Welcome to Substream Magazine’s Favorite Albums of 2018 lists! That’s right, “lists” as in more than one. We don’t think just one list is enough to do either our team or all the great music that came out this year justice. Each person who writes for Substream has their own unique tastes, interests, and ideas about what makes an album shine. It’s what makes our coverage and our team so special. In order to showcase that wide range of writing talent and taste, we let each member of the Substream team come up with their own Top 10 list. We asked everyone to go deep on their favorite album of the year to present alongside their full list. Throughout the week you’ll read about releases across all genres, and see how each member of the Substream family saw the year in music. We hope this coverage compels you to revisit your favorite releases from 2018 or listen to albums you may have missed. Without further ado, we present Substream Magazine’s Favorite Albums of 2018. See all the lists you may have missed here.
Digital Content Editor Logan White’s Favorite Album: Dan + Shay – Dan + Shay
Going into 2018, I thought this list was going to be something entirely different. My colleague (and long-time friend), Molly, wrote in her list that she grew up listening to rock/alternative music, and that’s something I relate to. Especially going through high school, my music taste was dominated by pop punk music, and yes, a phase of metalcore – or as most of our parents called it, “that screamo stuff.”
Though a lot has changed, and I have been expanding musical horizons for years, 2018 was a big jump. Initially, I had expectations coming into this year that The Wonder Years would reclaim their spot as my AOTY – 2015’s No Closer to Heaven wasn’t quite there, but I had hopes they’d rebound. While Sister Cities was an improvement, for me it didn’t quite come out being number one material, or as it turns out even top ten material. Different strokes, different folks.
I have been a fan of Dan + Shay since first hearing “19 You + Me” back in 2013, and with each full-length release, they’ve found a way to get better. The first half of 2018 provided some good albums, but when Dan + Say dropped their self-titled album in June, it was going to be hard to overtake that. Pale Waves gave this a real run for its money with My Mind Makes Noises, as the entire indie/synth-pop genre jumped onto my radar even more, but Dan + Shay beat it out this time around.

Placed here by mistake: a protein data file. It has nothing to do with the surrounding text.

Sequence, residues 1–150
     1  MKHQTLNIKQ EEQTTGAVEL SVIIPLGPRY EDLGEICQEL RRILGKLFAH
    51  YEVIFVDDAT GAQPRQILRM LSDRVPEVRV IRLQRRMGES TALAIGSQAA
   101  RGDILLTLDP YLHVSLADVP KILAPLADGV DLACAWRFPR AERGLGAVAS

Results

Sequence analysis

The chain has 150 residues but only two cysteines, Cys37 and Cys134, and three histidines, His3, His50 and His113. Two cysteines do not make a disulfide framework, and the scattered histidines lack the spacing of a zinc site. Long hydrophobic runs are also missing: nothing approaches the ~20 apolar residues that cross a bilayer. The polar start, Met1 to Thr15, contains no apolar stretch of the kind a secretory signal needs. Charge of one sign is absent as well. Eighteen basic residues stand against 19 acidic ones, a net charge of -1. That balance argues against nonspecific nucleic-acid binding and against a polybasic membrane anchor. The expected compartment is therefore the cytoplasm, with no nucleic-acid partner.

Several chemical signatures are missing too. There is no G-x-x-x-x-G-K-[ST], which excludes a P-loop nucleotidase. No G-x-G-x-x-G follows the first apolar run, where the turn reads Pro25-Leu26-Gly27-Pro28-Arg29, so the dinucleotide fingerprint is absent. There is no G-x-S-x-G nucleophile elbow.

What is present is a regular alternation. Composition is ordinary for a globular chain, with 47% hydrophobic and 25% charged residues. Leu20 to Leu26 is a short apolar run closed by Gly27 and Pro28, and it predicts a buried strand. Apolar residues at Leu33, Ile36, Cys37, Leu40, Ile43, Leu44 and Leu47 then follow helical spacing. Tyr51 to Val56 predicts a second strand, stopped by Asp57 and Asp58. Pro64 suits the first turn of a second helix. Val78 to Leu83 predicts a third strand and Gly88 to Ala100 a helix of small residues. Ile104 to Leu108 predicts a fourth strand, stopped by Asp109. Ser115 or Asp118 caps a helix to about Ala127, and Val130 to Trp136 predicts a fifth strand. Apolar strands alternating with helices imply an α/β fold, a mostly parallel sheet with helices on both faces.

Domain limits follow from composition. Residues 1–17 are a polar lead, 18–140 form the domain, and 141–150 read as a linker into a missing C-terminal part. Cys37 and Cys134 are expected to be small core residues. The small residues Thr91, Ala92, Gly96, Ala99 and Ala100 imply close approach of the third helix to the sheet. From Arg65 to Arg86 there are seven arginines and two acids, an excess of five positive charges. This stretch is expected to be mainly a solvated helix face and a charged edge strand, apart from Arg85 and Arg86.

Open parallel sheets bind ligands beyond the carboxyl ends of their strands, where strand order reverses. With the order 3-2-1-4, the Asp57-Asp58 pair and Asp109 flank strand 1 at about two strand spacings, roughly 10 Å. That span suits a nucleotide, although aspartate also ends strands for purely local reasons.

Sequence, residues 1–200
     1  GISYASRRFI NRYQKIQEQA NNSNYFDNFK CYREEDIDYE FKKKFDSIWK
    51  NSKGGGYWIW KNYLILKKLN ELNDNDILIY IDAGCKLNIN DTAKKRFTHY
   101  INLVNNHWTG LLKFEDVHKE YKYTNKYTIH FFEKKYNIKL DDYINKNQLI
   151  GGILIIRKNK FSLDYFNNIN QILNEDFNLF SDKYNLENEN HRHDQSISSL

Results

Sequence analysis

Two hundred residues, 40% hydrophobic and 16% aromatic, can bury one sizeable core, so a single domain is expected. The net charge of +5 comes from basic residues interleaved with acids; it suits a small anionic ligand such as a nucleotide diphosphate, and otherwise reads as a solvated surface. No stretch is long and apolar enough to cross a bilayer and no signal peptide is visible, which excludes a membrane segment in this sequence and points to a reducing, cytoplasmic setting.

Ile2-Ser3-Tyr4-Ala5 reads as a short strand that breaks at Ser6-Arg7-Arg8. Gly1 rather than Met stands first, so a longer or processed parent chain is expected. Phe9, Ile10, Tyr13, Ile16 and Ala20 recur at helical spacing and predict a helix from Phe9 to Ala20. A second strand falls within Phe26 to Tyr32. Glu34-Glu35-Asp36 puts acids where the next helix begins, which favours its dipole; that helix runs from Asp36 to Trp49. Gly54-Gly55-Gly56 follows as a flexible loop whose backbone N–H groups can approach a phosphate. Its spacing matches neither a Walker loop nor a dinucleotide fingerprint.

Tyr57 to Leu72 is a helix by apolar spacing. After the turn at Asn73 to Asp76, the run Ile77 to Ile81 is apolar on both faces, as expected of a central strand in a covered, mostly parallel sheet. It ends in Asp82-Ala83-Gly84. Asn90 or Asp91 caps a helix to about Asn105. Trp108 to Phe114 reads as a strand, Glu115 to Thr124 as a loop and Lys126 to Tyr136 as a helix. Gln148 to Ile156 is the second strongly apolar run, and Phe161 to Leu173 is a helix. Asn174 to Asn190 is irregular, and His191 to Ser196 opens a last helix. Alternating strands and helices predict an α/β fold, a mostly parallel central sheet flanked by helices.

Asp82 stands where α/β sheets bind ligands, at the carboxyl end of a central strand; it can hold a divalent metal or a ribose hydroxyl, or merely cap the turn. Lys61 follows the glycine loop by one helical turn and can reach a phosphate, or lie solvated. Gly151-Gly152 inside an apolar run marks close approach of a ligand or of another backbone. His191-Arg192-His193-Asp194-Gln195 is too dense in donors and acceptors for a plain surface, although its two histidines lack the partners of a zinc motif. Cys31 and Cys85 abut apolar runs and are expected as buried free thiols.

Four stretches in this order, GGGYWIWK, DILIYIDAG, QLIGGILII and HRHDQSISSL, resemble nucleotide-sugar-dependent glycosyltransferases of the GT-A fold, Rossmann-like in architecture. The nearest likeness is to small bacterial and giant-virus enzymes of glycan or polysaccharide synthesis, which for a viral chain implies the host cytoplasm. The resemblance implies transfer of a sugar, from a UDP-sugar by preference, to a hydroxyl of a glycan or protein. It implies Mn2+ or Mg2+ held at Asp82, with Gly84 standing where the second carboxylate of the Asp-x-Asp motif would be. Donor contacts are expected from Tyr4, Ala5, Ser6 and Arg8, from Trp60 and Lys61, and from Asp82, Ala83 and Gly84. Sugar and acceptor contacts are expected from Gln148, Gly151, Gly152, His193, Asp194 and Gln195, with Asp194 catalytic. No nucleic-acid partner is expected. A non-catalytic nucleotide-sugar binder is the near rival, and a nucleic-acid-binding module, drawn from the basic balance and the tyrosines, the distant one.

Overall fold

It’s not likely that you’ve made it through all of 2018 without hearing “Tequila,” the smash hit from Dan + Shay. Released as a single back in January, it quite literally spent months climbing the charts, ultimately peaking at number one on U.S. country airplay in July, landing a platinum certification by the RIAA the month after. “Tequila” is a perfect example of how this duo can write a hell of a slow-burning country-pop ballad, something that they have done frequently to much success. Fans of the band will also find comfort in tracks like “My Side of the Bed,” “Speechless,” “Alone Together,” or even the Kelly Clarkson duet “Keeping Score.”
However, the album is more than just what they duo has done previously. Dan Smyers told Substream this year that “After it was all said and done, we thought we put together a project that perfectly represented Dan + Shay, hence the decision to self-title the album.” For perfect representation of the duo, tracks like “All to Myself” and “Stupid Love” show the band leaning more on pop, while “Make or Break” showcases the inclusion of guitar solos.
Country music is not the same as it was back in the 90’s/early-2000’s, and it’s certainly even less like it was with Johnny Cash. So, if you truly believe that those were the best days, and everything else is just bad, then maybe Dan + Shay isn’t the album for you. However, what you get here is everything great about country music as we currently know it. There’s your ballads and, conversely, your upbeat tracks with hooks and massive sing-a-long choruses, all presented by Shay Mooney’s lead vocals that are tangy, yet smooth, and Smyers’s vocals to perfectly harmonize.